Boeing pilots' messages on 737 MAX safety raise new questions
(Adds comment from Boeing, Forkner and Southwest pilots union,
updates share price)
By David Shepardson
WASHINGTON, Oct 18 (Reuters) - A Boeing Co senior
pilot said he might have unintentionally misled regulators, in a
series of internal messages from 2016 that became public Friday,
plunging the world's largest airplane maker into a fresh crisis.
The messages, first reported by Reuters, sent Boeing's
shares tumbling, prompted a demand by U.S. regulators for an
immediate explanation, and a new call in Congress for Boeing to
shake up its management as it continues to grapple with the
fallout from two fatal crashes that have grounded its
In a transcript of instant messages between two employees,
the 737 MAX's then-chief technical pilot, Mark Forkner, raised
questions about the performance of the so-called MCAS anti-stall
system in the airplane. The system has been tied to the crashes
in Indonesia and Ethiopia that together killed 346 people.
In the exchange with another Boeing pilot, Forkner said the
MCAS's performance in the simulator was "running rampant."
The messages, which sources provided to Reuters, appear to
be the first publicly known observations that MCAS behaved
erratically during testing before the aircraft entered service.
The Federal Aviation Administration ordered Boeing Chief
Executive Dennis Muilenburg to give an "immediate" explanation
for the delay in turning over the "concerning" document which
Boeing discovered some months ago.
The fresh discovery came days before Muilenburg, who was
stripped of his chairman title by the board last week, is due to
testify before Congress.
The FAA said it "is reviewing this information to determine
what action is appropriate."
A person briefed on the matter said Boeing failed to turn
over the documents to the FAA for four months and that the
Justice Department is also in possession of the messages.
Boeing said on Friday Muilenburg had called FAA
Administrator Steve Dickson to respond to the concerns raised in
his letter and assured him that the company "is taking every
step possible to safely return the MAX to service."
It said it had produced the document containing a former
Boeing employee's statements to the appropriate investigating
authority earlier this year, and brought it to the attention of
the Department of Transportation on Thursday.
Boeing has been cooperating with the House of
Representatives Transportation & Infrastructure Committee's
probe into the 737 MAX and will continue to do so in
investigations by U.S. authorities, the company said.
Boeing turned the documents over to the U.S. Department of
Justice and the FBI in February, one source said.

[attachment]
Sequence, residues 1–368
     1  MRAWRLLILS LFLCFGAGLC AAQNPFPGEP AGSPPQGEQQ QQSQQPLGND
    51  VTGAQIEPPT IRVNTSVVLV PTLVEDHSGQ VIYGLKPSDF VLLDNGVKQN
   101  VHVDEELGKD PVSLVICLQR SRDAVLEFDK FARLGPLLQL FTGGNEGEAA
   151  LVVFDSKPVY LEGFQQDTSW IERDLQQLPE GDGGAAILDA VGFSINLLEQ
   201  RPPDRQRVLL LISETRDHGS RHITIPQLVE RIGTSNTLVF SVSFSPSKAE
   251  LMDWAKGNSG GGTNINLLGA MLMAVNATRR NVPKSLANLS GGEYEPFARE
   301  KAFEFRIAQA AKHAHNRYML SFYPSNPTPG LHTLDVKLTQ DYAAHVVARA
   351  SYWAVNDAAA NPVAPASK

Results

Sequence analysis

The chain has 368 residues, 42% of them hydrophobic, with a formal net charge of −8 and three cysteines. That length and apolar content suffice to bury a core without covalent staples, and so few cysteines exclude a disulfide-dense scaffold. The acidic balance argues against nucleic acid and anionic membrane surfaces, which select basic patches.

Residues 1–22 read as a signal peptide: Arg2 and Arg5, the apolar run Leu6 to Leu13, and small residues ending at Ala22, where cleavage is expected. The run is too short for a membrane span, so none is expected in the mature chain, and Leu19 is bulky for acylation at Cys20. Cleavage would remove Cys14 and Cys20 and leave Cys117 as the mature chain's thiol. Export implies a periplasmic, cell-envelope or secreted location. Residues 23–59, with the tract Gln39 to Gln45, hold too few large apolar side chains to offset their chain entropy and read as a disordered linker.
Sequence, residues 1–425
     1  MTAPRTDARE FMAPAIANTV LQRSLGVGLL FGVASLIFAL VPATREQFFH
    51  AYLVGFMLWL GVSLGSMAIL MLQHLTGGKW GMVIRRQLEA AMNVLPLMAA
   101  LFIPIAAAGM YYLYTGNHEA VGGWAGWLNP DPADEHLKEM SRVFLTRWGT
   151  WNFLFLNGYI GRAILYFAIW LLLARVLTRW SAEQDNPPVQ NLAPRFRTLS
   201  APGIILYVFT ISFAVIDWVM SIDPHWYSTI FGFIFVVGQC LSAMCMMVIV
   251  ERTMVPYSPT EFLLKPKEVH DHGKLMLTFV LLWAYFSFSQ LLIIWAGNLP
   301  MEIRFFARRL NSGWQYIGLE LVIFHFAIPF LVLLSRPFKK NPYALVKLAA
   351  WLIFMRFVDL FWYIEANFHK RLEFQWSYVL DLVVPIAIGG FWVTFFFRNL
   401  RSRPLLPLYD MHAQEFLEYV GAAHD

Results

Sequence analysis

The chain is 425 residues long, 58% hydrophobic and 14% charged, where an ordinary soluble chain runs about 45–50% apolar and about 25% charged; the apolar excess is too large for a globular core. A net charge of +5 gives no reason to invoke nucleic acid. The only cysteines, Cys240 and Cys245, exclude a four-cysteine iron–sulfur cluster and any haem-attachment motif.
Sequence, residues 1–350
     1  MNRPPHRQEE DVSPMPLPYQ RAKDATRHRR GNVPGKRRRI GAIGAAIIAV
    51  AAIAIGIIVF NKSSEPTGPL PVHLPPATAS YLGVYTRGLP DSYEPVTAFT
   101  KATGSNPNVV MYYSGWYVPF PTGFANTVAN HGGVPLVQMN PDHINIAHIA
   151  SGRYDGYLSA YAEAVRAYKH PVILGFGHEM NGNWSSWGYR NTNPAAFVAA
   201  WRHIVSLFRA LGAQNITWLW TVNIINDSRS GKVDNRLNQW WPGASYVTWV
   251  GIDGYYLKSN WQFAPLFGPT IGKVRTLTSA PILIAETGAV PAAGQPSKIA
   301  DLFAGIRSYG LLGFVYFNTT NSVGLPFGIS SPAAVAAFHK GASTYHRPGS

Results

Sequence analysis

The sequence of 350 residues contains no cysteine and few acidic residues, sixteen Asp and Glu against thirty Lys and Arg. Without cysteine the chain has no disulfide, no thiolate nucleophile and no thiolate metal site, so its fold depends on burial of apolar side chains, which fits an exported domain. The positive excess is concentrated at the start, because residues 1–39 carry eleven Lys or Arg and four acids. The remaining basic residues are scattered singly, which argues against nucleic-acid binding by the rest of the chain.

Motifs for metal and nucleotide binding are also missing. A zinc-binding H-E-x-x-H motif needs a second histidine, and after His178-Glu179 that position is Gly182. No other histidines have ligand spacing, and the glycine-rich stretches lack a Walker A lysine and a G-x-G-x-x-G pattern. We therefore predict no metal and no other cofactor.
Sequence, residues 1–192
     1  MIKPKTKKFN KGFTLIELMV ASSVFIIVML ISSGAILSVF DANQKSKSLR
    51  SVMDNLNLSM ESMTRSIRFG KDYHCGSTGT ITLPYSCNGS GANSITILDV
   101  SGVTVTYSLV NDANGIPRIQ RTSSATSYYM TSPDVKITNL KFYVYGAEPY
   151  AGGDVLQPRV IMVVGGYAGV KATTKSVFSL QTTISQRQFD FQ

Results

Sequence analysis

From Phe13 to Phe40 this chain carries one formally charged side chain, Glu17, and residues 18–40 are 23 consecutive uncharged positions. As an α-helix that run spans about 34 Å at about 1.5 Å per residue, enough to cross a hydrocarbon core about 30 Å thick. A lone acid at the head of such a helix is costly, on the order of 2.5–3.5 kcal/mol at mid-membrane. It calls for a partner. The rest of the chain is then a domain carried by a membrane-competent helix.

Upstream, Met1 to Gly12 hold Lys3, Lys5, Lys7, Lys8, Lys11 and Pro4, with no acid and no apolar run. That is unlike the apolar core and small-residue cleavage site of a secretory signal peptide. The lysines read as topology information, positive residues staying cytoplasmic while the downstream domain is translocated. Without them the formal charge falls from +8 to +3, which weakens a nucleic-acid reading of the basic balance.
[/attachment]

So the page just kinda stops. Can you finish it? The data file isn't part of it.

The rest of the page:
Federal prosecutors aided by the FBI, the Department of
Transportation's inspector general and several blue-ribbon
panels are investigating the 737 MAX's certification. And the
U.S. Senate Commerce Committee confirmed it will question
Muilenburg at an Oct. 29 hearing, one day before a House of
Representatives panel is scheduled to question him.
The 737 MAX has been grounded worldwide since March,
forcing more than 100 daily flight cancellations at large U.S
operators of the aircraft like Southwest Airlines Co and
American Airlines, and eroding their profits.
Boeing has said the grounding has already cost it at least
Its shares fell 6.8% to close at $344.00, before edging up
1.4% after hours.
'I BASICALLY LIED'
Forkner said in one text message, "I basically lied to the
regulators (unknowingly)." The other employee responded that "it
wasn't a lie, no one told us that was the case" of an issue with
Forkner responded soon after: "Granted I suck at flying, but
even this was egregious." At one point Forkner said "there are
still some real fundamental issues" in the simulator.
In the exchange, Forkner said he was writing while "drinking
icy cold grey goose."
"If you read the whole chat, it is obvious that there was no
'lie,'" Forkner's lawyer David Gerger said by email on Friday.
"The simulator was not reading right and had to be fixed to
fly like the real plane. Mark's career – at Air Force, at FAA,
and at Boeing – was about safety. And based on everything he
knew, he absolutely thought this plane was safe."
Forkner is no longer employed by Boeing. The Seattle Times
reported in September that he repeatedly invoked his Fifth
Amendment right to not turn over documents subpoenaed by the
The FAA reiterated that it is "following a thorough process,
not a prescribed timeline, for returning the Boeing 737 MAX to
passenger service. The agency will lift the grounding order only
after we have determined the aircraft is safe."
Boeing has been revising the 737 MAX software as part of its
efforts to win fresh approval for the jet to fly again.
Southwest, the world's largest operators of the 737 MAX,
said in a statement it had been unaware of the messages but
continued to work with the FAA and Boeing to safely return the
aircraft to service.
The Southwest pilots union, which has filed a lawsuit
against Boeing for lost wages during the grounding, said in a
statement that the document was "more evidence that Boeing
misled pilots, government regulators and other aviation experts
about the safety of the 737 MAX."
"As pilots, we have to be able to trust Boeing to truthfully
disclose the information we need to safely operate our aircraft.
In the case of the 737 MAX, that absolutely did not happen,"
Southwest Airlines Pilots Association President Jon Weaks said.
(Reporting by David Shepardson; Additional reporting by Tracy
Rucinski in Chicago and Eric M. Johnson in Seattle; Editing by
First Published: 2019-10-18 18:27:57
Updated 2019-10-18 23:57:58
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